the state estimates that about 5,000 people make this pilgrimage yearly, but it felt more like 10,000 to me. hundreds of thousands of people dressed in purple and straw sacks (the colors/materials of san lazaro) walked to and from the church. there were about 10 of us that left out of el cerro yesterday at around 3:30am. a group of documentary film students from the university of havana chose to use luis manuel as their protagonist in a documentary they’re doing on spirituality in cuba; their crew made up the bulk of the group. outside of those six were luis and his friend, and me and my spanish friend olalla. it took us about 7 and a half hours to walk from havana to el rincon, having us arrive there around 11am. we took small breaks to rest and to eat snacks in between, but in total we didn’t rest more than an hour. like i mentioned before there were people paying back their promises in all kinds of way. people literally sat or lied on the hot ground and dragged themselves to the church. others crawled on hands and bare knees and feet, arriving at the church bloody, tired, and shaking. there were people in wheelchairs, on crutches, with apparent sicknesses and hidden ones as well. and there were also people who go for the special day, to pray for their things when the season is ripest. luis’ san lazaro was very well received.

luis’ objective in this project was to highlight the culture of spirituality around san lazaro amongst the people. he wanted to nourish their faith through this huge impressionable object. luis wanted it to disappear as a fine art object and to function solely as a religious one. he assumed, which was true, that people would believe that san lazaro granted him a tremendous miracle, and that he was walking around for 2 months with a 7 foot tall san lazaro sculpture collecting money to pay the saint back. however, luis doesn’t practice santeria nor is he catholic, so the piece doesn’t function for him in the way it functions in the mind of the people. it is a work of art, a sculpture that he made out of paper, paint, clay and wood. the fact that he is an artist and not a believer turns the action into a performance, placing it in an artistic context rather than, or perhaps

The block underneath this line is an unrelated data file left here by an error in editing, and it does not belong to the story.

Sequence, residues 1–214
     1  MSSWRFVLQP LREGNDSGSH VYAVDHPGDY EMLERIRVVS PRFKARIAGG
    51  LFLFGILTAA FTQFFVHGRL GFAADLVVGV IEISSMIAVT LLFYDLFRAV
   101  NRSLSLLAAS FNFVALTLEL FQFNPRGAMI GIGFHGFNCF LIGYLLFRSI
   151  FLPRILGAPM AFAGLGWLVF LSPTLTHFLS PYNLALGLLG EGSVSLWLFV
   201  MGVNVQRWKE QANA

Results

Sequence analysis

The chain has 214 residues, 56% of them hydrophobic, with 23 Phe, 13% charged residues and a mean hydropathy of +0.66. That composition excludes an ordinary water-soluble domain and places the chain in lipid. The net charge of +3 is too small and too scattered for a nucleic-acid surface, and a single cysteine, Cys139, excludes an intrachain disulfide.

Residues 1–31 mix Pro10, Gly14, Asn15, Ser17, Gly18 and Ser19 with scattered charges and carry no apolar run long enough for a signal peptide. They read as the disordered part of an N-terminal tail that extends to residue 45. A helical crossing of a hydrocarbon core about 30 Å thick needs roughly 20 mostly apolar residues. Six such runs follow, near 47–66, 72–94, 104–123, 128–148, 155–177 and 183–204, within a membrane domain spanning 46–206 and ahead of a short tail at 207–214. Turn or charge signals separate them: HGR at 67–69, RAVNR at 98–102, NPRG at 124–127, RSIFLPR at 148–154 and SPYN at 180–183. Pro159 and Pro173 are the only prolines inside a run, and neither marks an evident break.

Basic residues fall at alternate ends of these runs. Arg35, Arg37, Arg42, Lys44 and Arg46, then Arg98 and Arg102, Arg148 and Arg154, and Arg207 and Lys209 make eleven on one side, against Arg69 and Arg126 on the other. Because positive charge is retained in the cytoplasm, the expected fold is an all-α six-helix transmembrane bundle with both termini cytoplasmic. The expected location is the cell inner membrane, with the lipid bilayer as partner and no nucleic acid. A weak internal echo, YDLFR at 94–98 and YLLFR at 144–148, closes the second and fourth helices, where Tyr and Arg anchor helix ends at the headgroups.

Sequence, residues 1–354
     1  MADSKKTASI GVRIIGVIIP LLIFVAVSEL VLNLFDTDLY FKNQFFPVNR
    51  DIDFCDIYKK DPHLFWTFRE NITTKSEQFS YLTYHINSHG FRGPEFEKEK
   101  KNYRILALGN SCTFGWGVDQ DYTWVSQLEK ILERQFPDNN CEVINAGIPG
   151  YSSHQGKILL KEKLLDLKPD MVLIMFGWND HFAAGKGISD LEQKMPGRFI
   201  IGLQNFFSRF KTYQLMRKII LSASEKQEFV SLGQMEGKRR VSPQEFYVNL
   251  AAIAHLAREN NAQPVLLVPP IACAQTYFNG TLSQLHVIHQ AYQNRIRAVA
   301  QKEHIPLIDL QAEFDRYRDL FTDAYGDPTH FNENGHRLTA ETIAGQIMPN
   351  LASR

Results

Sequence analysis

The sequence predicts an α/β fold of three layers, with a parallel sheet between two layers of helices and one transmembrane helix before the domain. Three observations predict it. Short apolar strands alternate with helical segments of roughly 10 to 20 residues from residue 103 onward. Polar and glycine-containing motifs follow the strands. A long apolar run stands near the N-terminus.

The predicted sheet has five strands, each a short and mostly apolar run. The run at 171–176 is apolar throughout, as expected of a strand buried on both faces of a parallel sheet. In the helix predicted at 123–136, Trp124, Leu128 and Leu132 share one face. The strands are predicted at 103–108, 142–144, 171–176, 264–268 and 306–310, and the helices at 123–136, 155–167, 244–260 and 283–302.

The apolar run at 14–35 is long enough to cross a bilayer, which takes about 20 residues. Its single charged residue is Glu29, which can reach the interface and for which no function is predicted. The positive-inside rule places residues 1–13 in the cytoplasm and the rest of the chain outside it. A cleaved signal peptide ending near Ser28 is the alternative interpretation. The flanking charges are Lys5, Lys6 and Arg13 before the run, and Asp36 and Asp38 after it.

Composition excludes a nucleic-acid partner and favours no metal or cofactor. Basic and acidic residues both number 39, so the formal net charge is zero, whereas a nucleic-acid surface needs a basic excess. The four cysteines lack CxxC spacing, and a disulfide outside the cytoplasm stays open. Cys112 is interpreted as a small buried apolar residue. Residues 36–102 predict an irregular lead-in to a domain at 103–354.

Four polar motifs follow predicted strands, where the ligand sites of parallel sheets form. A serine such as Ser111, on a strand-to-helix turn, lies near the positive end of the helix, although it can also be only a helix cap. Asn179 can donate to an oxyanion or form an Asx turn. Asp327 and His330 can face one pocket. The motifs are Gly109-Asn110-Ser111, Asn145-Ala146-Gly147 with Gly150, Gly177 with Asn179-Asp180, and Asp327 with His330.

in addition to a religious one. the fact that he made san lazaro black, when he is usually represented as being white, also creates a dialogue around race. this was probably the second most commented on aspect of the piece outside of its size. lastly, luis plans to use the money collected to help repair a home for children with mental health challenges rather than donating that money to the church. this also complicates the work of art further and removes it from traditional religious behavior.

people responded to his sculpture in all kinds of ways. they showed awe at how well it was made or how big it was. babies cried and tried to run away from it while others kneeled down and prayed in front of it. some where appalled by the fact that it was a black san lazaro and others applauded its negritude. but no one ever questioned who the sculpture represented, and many placed money in the basket and prayed for themselves and their loved ones.

taking a hot shower and being home in my bed and sleeping helped me dissolve away all the hard parts of the walk. now all that’s left is to go through the 600 photos and videos i took (literally 600). it was definitely a new and interesting experience for me, that will indelibly alter my view of cuban spirituality. wish you all could have been a part of it. 

(journal e-mail sent to friends and family on 12/18/2012)

Today is the Babalu Awan ceremony. 

BabaluAye is the Orisha who governs epidemics and heals infectious diseases.